I read with interest recently that a substantial number of Tesla S owners are getting their drive units (electric motor + gearbox) replaced by Tesla due to premature failure. The early symptom of the failure is an audible gear noise which Tesla techs call "milling". Edmunds and Motor Trend both had their cars fail in this way.
According to a Tesla Motors Club poll, here, 77 members have had their drive units replaced once, and an astounding 15 have had them replaced more than once.
How bad is this?
It is hard to estimate because we don't know how many cars form the total sample for the poll. Tesla Motors Club indicates 17,995 registered members, while total Model S sales in the U.S. are around 28,000 units (39,163 globally).
So let's play with the numbers a little.
Assume all members of the forum own Tesla Model S:
92 failures / 17,994 Tesla Motor Club members = 5.1 failures/1000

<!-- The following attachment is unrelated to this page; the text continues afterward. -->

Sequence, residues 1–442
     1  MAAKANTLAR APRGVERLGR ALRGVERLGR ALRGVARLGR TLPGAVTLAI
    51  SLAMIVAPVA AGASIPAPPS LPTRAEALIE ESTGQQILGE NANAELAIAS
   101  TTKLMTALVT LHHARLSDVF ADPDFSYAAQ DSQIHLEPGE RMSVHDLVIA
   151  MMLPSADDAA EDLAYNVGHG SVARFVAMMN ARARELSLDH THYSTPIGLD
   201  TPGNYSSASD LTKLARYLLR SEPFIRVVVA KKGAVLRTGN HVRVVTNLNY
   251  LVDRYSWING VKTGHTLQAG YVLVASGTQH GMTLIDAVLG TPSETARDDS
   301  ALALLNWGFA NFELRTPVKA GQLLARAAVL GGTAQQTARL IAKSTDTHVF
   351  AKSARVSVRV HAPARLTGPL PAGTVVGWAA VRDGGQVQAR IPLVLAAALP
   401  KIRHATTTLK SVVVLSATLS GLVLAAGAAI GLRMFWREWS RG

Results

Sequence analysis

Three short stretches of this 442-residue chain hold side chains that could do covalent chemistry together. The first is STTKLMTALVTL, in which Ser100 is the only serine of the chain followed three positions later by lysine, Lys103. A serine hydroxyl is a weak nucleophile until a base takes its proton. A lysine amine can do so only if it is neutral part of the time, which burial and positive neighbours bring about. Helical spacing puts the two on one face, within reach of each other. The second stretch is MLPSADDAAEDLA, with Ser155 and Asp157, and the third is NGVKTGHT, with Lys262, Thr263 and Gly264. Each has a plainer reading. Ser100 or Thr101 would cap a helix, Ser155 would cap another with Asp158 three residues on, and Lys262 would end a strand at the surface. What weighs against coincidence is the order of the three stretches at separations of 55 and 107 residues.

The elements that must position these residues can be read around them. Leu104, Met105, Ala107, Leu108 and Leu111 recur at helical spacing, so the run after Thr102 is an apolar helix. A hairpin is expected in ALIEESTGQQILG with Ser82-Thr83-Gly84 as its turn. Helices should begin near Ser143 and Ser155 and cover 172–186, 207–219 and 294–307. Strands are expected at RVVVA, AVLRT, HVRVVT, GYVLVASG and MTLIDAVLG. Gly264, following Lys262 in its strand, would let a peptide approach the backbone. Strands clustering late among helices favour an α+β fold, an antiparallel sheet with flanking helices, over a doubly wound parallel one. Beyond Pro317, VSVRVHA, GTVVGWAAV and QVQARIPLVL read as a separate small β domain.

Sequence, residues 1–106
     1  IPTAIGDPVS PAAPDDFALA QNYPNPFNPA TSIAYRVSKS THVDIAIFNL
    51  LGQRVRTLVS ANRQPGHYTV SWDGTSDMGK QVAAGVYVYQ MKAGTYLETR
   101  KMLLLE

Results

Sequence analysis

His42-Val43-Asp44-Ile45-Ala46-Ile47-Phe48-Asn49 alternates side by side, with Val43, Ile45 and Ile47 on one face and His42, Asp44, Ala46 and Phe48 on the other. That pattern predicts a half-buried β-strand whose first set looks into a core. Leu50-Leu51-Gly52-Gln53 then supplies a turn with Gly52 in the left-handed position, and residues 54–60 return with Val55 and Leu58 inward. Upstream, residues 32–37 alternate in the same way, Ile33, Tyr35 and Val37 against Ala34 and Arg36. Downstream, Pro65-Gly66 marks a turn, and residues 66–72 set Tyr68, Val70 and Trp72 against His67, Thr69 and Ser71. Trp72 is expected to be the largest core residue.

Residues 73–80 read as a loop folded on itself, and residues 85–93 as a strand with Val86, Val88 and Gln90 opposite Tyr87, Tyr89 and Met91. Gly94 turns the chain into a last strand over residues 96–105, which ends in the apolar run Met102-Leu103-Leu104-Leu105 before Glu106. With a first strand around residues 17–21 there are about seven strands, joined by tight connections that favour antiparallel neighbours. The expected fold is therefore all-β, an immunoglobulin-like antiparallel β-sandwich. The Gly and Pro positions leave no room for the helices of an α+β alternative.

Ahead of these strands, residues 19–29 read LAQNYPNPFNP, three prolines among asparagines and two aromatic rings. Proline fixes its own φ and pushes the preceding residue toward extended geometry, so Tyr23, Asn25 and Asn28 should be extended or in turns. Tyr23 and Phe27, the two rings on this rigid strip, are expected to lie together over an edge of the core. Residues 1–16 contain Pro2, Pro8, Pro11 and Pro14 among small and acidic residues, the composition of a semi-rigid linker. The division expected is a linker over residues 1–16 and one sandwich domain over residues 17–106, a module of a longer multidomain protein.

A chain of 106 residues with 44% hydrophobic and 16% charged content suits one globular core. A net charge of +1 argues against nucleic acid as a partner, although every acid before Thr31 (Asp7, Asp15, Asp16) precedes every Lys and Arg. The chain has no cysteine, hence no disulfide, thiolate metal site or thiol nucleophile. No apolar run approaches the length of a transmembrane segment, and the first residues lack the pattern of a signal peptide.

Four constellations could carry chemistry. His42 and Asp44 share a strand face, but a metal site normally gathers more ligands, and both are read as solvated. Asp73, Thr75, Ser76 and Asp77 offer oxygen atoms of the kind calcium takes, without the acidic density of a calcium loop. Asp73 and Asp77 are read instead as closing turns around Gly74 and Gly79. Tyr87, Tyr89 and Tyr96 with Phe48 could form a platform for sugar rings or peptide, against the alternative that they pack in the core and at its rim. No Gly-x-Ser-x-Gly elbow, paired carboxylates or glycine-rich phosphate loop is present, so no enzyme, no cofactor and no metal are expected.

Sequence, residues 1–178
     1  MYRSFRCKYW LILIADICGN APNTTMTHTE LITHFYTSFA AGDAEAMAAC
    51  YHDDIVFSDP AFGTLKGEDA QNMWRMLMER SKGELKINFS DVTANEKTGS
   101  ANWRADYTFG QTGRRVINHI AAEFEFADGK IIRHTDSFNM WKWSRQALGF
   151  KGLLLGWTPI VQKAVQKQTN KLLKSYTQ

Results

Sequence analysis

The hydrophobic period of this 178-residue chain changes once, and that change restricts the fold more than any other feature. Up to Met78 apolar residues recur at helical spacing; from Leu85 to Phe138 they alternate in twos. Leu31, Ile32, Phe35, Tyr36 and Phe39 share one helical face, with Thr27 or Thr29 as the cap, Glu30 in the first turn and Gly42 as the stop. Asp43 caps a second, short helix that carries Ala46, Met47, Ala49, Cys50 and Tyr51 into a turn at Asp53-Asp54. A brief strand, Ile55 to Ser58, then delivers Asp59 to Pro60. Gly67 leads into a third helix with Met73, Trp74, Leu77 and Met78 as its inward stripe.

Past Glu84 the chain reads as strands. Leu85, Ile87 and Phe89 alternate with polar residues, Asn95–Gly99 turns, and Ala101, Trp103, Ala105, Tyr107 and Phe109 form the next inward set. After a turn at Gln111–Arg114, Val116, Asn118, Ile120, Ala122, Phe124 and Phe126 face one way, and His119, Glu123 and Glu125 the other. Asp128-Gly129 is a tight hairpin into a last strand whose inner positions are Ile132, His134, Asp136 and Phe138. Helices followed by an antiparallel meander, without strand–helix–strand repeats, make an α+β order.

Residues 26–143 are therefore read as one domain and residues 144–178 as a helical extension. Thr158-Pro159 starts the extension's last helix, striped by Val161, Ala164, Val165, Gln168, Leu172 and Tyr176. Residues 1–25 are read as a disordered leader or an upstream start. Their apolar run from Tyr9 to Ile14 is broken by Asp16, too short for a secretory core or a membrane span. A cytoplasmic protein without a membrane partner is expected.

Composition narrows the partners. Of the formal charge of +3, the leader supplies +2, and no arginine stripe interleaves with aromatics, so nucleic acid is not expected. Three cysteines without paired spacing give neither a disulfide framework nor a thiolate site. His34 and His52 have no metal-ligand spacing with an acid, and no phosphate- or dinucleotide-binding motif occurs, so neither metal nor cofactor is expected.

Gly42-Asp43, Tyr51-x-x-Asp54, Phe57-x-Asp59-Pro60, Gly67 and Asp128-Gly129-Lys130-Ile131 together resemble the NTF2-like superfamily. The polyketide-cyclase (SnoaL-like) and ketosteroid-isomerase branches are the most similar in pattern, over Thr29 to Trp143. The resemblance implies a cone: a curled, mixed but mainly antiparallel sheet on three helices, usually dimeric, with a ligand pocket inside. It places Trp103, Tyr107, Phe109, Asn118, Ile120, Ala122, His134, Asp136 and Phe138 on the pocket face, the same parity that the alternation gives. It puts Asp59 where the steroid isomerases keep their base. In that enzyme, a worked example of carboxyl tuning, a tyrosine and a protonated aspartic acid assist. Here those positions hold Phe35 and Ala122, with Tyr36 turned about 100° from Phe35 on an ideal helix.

Assume all failures were reported in poll (seems unlikely):
92 / 28,000 U.S. sales = 3.3 failures/1000
Assume forum represents 5% of all Tesla owners (I saw this mentioned on InsideEVs.com):
92 failures * 20 / 39,163 = 47 failures /1000
In the auto business, a major component failure rate north of 5/1000 units is considered a major quality issue, and anything approaching 47 is a complete disaster.
If, for example, the 2013 Toyota Camry had a similar rate of transmission failures, somewhere between 5-47/1000, that would translate into repairs of between 2040 and 19,000 transmissions! At the top end of that scale, likely a recall.
In other words, the "milling" issue is a major quality issue for Tesla. I am sure they have their engineers and suppliers pounding away at it, coming up with design fixes to reduce the occurrence of this.